NASHVILLE, Tenn. (WKRN) – Cattywampus? Honky Tonk? Goo Goos? There are plenty of words unique to Tennessee that can leave others scratching their heads.
Tennessee is the 36th-largest state by area and split into three regions: West, Middle and East. With millions of people split in three regions, the state has created its own slang and phrases.
Here are some words or sayings that you may hear in the Volunteer State.
In other states, when one hears the phrase “hot chicken” they may think it refers to chicken that’s hot to the touch. However, in Tennessee most — if not all — residents use the phrase to refer to a type of fried chicken that is a specialty of Nashville.
No, we’re not talking about the cocktail sausages that are simmered in a crockpot! When Tennesseans talk about the “smokies,” they are usually referencing the Great Smoky Mountains in East Tennessee.
Yes, Coke is a specific type of carbonated drink manufactured by the Coca-Cola Company. However, Tennesseans tend to use the term to represent all soft drinks, no matter the brand.
Planning a trip to Nashville soon? It’s time to get familiar with honky tonks. A honky tonk is a establishment that usually offers performances around the clock, casual bar cuisine and cold drinks. In Nashville, tourists can find a whole row of honky tonks on Broadway.
Although the terms are interchangeable, Tennesseans tend to say “buggy” instead of “shopping cart” when referring to the basket on wheels used to hold items in a grocery store.
For those who live in the north — where snow is more common — a toboggan stands for a sled that is typically used for coasting downhill on snow. For Tennesseans, the term refers to a knit hat that is usually worn in colder months.
Meat n’ Three
Besides hot chicken, some of Nashville’s best cuisine can be found in a Meat n’ Three. At the establishments, the customers have a selection of homecooked food that they can choose from. The order usually consists of a meat and three side dishes.
Most can agree that it’s a sign of summer when you begin to see these insects glow across the land! However, turns out where you live may determine what you call them. In Tennessee, the insects are called lightning bugs. Meanwhile, “fireflies” is a popular choice for those living elsewhere.
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In the south, supper is a term often used to refer to the last meal of the day. The meal is also the largest meal of day. Other parts of the nation usually refer to the meal as “dinner.”
Hold your horses
When you hear the phrase, “hold your horses” don’t take the phrase in a literal context. According to Grammarist, the idiom originates from the 19th century when travel by horse was common, and the phrase was used as a command to keep a horse still. In Tennessee, when someone uses the phrase they’re telling you to “calm or slow down.”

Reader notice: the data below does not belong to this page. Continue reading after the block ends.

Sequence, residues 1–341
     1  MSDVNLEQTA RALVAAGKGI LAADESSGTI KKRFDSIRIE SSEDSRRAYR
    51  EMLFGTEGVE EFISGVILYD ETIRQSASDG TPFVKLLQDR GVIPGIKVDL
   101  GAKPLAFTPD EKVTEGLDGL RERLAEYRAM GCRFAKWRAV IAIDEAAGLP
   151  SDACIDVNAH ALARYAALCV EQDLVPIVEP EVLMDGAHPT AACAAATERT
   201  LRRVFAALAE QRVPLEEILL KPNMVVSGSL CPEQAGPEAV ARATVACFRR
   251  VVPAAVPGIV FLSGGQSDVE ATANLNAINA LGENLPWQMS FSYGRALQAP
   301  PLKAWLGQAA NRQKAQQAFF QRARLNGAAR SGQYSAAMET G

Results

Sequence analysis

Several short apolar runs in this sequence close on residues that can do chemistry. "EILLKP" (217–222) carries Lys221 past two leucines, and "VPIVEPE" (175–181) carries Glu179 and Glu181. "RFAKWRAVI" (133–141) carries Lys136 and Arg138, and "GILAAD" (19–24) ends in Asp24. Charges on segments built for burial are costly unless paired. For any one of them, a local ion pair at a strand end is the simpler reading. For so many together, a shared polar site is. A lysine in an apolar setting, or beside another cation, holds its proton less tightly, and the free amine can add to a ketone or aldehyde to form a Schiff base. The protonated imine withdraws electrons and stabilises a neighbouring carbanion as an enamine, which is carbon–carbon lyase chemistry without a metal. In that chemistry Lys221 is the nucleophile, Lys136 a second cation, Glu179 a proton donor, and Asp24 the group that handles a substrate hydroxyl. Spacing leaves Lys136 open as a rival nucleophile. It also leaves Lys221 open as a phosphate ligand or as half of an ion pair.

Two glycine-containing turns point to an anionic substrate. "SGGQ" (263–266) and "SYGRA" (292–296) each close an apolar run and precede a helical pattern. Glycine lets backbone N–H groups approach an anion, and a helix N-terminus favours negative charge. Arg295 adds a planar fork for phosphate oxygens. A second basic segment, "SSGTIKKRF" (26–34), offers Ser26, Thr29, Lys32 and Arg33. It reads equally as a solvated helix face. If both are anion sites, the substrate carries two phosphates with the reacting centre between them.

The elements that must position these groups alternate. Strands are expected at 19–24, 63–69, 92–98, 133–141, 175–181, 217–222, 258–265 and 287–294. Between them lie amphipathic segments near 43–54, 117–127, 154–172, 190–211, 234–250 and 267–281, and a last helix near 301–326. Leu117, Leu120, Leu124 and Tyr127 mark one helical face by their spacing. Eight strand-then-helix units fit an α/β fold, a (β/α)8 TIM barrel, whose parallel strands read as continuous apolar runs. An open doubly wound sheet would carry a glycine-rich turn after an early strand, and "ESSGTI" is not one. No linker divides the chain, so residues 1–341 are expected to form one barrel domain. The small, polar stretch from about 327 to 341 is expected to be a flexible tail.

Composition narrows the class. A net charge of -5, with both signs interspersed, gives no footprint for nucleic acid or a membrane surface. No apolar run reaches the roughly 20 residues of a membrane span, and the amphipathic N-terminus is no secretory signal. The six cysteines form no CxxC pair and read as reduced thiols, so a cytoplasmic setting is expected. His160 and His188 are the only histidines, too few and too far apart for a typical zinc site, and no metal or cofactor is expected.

You might need a translator, or a Tennessean, to tell you what this word means. In fact, the meaning of the word is just as discombobulated as it sounds. The term is used when things are askew, going badly or in the wrong direction, according to Cambridge Dictionary.
Bless Your Heart
“Bless your heart.” A common phrase used in the Volunteer state that has multiple meanings. In fact, the phrase can be used as sarcasm, as an insult, or to genuinely wish someone well. To put it simply, the intended meaning of the phrase comes down to the tone in which it is used. For example: “Maybe singing isn’t your specialty, bless your heart.”
Sweet marshmallow nougat, smooth chocolate, creamy caramel, crunchy peanuts – is your mouth watering yet? Those ingredients make up the Goo Goo Cluster, known as Nashville’s official candy. The sweet treat originated in Music City in 1901 by Howard Campbell Sr., and his foreman, Porter Moore. In the last century, the company hasn’t changed the recipe, but has added two variety flavors. Try the classic candy in-store on 3rd Avenue South in Nashville.
To keep it simple: britches are pants. The term usually refers to denim jeans, but can also stand for shorts (short britches). The word is also used in a popular phrase that Tennesseans say when someone is acting conceited and overly confident. “Even since he got promoted to manager, he’s gotten too big for his britches.”
There are tons of words and phrases that are used and unique to those in the Volunteer State. However, the use of “y’all” and some southern hospitality can get you a long way!